Growing plants in compost to which PMTV-infested scab peelings were added resulted in as much infection of tubers by PMTV as growing plants in compost diluted with infested soil. The amount of spraing which developed on the tubers was also greater for the amended soil than for diluted soils. However, the amount of spraing which developed on tubers grown in 50% infested soil was much less than that in 10% infested soil, even though the incidence of PMTV tuber infection was the same and the same spraing inducement treatment was applied for both treatments. Additional work may therefore be needed to establish the growing and storage conditions which maximise spraing development. Potentially, using compost amended with viruliferous scab peeling could provide a means of assessing cultivar susceptibility to PMTV infection and sensitivity to spraing.

Acknowledgements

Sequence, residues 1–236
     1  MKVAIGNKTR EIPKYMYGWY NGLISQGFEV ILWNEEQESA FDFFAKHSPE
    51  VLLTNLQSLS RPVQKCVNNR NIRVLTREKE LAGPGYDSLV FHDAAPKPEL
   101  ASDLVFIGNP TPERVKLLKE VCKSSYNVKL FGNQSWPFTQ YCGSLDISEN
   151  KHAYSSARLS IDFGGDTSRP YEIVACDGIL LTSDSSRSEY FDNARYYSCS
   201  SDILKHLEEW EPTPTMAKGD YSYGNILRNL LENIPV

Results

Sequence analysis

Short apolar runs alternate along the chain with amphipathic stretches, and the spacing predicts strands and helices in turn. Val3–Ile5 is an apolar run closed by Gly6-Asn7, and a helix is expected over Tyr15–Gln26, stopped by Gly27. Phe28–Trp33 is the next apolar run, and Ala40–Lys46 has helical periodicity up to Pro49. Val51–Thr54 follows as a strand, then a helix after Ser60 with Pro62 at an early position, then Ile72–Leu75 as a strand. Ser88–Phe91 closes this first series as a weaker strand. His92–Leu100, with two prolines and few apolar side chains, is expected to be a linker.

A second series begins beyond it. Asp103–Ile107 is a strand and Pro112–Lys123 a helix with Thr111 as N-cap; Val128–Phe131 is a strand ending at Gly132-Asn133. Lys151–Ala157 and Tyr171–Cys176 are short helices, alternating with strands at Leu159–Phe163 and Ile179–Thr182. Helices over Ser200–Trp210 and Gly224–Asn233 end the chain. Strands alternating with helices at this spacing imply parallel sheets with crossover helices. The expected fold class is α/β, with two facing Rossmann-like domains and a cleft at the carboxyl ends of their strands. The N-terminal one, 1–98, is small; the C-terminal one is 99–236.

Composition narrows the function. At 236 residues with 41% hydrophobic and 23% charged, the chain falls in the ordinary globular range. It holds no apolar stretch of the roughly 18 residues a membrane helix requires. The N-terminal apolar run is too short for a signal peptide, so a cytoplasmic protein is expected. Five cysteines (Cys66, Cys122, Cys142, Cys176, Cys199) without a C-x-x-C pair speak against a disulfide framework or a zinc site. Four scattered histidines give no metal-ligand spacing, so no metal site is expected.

1. Top of page
  2. Abstract
  3. Introduction
  4. Materials and methods
  5. Results
  6. Discussion
  7. Acknowledgements
  8. References

We thank Mr A. Fox and Mr R. Holmes of Virology and Zoology Section, SASA for conducting the ELISA tests, Mr Adrian Roberts, Biomathematics and Statistics for Scotland for conducting some of the analysis and advice and the financial contribution of the Potato Council Ltd for Triona Davey.

References

  1. Top of page
  2. Abstract
  3. Introduction
  4. Materials and methods
  5. Results
  6. Discussion
  7. Acknowledgements
  8. References